The 90s saw a return to the machine metaphor but this time the machine is a computer and computer networks: a hi-tech version of the earlier industrial machine. “Process re-engineering” was all the rage. People were mysterious, unreliable repositories of knowledge which is best extracted, digitised, then stored and managed in computerised files and networked information systems. Restructuring resurges, sometime dressed as process re-engineering. People are nodes in networks.

In the new millennium the World Wide Web enabled an explosion in relationships, shaking knowledge structures. The notion of knowledge and organisations as webs of relationships takes form. Hierarchy dissolves in the web and industrial style surveillance and control is impossible (Contractor, 2002).

The image of organisation as a web of relationships begins to make sense. But still the sticky industrial structures and controlling behaviours persist. People see the seeming ambiguity, openness, absence of command structures, and reliance on relationships as risky.

Leaders must risk openness, admit not knowing, focus on the detail of interpersonal relationships, build trust in long term relationships for mutual learning and growth.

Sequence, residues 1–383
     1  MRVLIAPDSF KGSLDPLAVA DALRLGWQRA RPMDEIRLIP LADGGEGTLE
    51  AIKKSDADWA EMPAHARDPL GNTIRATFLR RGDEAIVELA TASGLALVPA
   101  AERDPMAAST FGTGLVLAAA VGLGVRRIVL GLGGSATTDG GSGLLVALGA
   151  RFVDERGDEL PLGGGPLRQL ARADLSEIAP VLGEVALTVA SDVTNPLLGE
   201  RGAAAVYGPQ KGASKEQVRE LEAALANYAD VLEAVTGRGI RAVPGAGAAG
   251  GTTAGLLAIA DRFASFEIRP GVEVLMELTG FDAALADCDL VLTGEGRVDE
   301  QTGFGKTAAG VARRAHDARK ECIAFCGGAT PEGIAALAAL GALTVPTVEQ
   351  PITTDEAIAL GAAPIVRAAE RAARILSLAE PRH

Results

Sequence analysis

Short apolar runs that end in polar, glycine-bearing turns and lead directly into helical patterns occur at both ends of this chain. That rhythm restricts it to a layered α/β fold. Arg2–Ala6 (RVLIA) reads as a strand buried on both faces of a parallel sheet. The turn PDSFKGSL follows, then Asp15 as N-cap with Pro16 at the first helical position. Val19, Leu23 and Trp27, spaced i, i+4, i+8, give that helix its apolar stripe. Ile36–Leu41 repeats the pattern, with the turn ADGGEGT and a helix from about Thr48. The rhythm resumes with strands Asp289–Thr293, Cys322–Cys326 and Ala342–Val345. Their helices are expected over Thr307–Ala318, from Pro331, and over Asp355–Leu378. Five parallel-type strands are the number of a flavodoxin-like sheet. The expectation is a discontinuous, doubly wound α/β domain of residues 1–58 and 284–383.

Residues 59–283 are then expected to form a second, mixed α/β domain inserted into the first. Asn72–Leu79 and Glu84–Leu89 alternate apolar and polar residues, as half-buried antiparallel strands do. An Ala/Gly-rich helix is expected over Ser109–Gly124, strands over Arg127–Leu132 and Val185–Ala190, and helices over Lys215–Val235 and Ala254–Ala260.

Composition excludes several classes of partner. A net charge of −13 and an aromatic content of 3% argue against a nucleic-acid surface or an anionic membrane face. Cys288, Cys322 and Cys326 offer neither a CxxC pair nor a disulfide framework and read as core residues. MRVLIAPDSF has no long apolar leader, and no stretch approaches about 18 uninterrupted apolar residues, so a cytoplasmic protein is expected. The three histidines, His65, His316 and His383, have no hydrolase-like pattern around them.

Most bosses would claim that they do this already. Ask their reports. Most reports would claim that they can be trusted with responsibility. Ask their managers. It’s time we all stopped blaming, shaming and justifying and collaborated to change -bosses first.

Start by seeking honest, open feedback about your own behaviour. Talk to people other than your direct reports. Then deliberately and openly attempt to change your behaviour. Invite observations of your progress. Then expect your reports to do the same. Help and encourage them. They will be sure that this is managerial suicide.

For more in this radical vein go to Steve Denning: Does asking smart questions make you a radical manager?

Contractor, N. S. 2002. New media and organising. In L. Lievrow & S. Livingstone (Eds.). The Handbook of New Media (pp. 203-205). London: Sage.

Tse, S. & Barnett, S. 2009. Recovery Oriented Services. In Chris Lloyd, Robert King, Frank Deane, and Kevin Gournay (Eds.). Clinical Management in Mental Health Services. Chapter 7, (pp. 94 -114). Blackwell: London.